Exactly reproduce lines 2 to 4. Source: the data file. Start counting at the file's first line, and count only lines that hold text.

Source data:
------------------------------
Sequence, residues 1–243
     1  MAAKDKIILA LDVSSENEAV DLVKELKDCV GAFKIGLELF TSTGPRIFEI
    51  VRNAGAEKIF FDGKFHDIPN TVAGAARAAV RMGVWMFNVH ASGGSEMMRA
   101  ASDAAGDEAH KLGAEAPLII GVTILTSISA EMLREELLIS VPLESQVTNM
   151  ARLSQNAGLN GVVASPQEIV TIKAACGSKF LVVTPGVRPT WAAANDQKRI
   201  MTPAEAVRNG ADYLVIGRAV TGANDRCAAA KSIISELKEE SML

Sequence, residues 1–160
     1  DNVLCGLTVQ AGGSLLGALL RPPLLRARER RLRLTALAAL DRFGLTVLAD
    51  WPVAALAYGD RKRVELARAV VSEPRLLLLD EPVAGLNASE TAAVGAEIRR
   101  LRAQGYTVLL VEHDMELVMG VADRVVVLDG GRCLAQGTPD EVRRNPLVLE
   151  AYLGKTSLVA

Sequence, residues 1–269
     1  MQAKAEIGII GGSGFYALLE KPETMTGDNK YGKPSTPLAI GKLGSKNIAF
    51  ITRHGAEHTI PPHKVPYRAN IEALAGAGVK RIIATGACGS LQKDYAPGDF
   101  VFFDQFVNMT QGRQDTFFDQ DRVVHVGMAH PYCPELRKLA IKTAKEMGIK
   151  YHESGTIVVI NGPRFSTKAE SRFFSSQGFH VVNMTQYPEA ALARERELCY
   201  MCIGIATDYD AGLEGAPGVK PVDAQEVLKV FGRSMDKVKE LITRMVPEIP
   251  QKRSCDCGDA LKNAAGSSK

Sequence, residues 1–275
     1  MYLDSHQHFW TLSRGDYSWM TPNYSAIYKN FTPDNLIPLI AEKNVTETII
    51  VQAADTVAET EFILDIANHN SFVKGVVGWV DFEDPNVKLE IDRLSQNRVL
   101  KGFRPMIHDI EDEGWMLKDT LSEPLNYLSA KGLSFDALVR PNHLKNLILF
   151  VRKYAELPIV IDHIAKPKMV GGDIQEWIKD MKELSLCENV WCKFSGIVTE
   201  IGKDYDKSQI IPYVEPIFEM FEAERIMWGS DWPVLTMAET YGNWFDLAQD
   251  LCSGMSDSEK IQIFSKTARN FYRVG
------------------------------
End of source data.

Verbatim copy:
     1  MAAKDKIILA LDVSSENEAV DLVKELKDCV GAFKIGLELF TSTGPRIFEI
    51  VRNAGAEKIF FDGKFHDIPN TVAGAARAAV RMGVWMFNVH ASGGSEMMRA
   101  ASDAAGDEAH KLGAEAPLII GVTILTSISA EMLREELLIS VPLESQVTNM